199th Carnival of Space is hosted this week by Weirdwarp. There are some really cool posts this week, but I was especially intrigued by the mysterious black Skylon space plane, which was reported by Next Big Future. This unpiloted SSTO (single stage to orbit) vehicle has been proposed by a UK company, Reaction Engines, Ltd. (Skylon press release here, PDF). The news is that an ESA report commissioned by the UK Space Agency concluded "no impediments or critical items have been identified for either the SKYLON vehicle or the SABRE engine that are a block to further developments."
This is exciting stuff, the key to its possible feasibility being the SABRE hybrid air-breathing/rocket engine that would allow Skylon to operate like a jet airplane while within the denser part of the atmosphere, leading to an enormous reduction in the amount of oxidizer that must be carried. The report states that the current design has a gross take off weight of 275 metric tonnes, of which 220 tonnes are propellent, with the ability to place 12 tonnes into an equatorial low Earth orbit. This is something like 4.4% of the total which is pretty good, especially with a fully-reusable vehicle (the calculation for the soon-to-retire space shuttle is about 1.4%, not including the orbiter itself).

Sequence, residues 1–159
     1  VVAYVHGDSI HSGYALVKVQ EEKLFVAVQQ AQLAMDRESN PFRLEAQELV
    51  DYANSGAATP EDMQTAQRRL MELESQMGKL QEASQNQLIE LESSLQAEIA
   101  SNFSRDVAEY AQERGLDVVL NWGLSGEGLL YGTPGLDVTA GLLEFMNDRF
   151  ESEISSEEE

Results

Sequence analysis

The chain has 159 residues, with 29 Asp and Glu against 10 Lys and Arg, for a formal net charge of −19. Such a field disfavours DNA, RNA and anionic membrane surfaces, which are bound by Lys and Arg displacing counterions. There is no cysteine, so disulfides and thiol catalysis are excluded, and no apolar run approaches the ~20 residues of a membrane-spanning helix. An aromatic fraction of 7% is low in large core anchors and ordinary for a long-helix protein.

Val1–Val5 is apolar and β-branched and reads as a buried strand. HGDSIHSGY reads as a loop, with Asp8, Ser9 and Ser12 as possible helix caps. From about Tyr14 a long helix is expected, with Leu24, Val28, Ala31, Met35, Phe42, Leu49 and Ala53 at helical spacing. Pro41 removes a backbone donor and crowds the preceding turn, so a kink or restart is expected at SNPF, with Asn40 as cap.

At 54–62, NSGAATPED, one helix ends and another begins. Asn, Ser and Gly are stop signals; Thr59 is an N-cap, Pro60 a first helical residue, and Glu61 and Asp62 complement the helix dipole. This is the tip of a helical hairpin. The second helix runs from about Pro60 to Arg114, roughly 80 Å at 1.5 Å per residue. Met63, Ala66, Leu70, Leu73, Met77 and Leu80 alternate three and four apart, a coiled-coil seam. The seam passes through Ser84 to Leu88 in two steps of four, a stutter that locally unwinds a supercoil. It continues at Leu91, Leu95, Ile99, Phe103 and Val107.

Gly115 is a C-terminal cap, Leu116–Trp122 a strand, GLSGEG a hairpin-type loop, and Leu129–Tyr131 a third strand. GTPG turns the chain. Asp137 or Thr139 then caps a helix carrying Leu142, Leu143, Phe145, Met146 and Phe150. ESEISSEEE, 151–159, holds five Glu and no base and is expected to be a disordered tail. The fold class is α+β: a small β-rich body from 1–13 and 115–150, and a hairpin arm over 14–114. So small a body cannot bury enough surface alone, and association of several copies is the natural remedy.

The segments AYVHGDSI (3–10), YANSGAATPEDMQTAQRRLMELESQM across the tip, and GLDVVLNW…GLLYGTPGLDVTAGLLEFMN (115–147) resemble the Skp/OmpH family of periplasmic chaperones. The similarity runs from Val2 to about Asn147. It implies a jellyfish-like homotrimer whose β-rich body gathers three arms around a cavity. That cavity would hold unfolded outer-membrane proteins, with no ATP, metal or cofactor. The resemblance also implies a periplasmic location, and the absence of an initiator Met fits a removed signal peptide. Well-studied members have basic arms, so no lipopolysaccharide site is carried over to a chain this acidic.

The Reaction Engines site says that Skylon is in the "proof of concept" stage, with development estimated at 10 years. There are obviously a few technical issues to overcome (materials, for one, I would imagine), but it's great that ESA at least sees no fundamental showstoppers in the Skylon proposal. Now to get it funded! Reaction Engines estimates development costs of about $10 billion (this seems pretty cheap, even for an unpiloted vehicle).
Bonus: finally a rocket ship that looks like one of Wernher von Braun and Chesley Bonestell's classic Colliers Magazine rocket ships from the 1950's! More or less. Check out the Skylon mission animation video.